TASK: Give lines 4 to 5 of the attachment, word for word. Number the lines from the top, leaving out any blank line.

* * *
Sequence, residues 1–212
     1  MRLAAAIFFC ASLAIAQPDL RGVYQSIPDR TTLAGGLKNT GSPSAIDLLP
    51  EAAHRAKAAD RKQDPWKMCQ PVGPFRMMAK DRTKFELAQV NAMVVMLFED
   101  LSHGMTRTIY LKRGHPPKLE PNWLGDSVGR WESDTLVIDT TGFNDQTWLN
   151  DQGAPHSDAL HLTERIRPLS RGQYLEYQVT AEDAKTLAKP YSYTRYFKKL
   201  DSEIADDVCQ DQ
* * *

   101  LSHGMTRTIY LKRGHPPKLE PNWLGDSVGR WESDTLVIDT TGFNDQTWLN
   151  DQGAPHSDAL HLTERIRPLS RGQYLEYQVT AEDAKTLAKP YSYTRYFKKL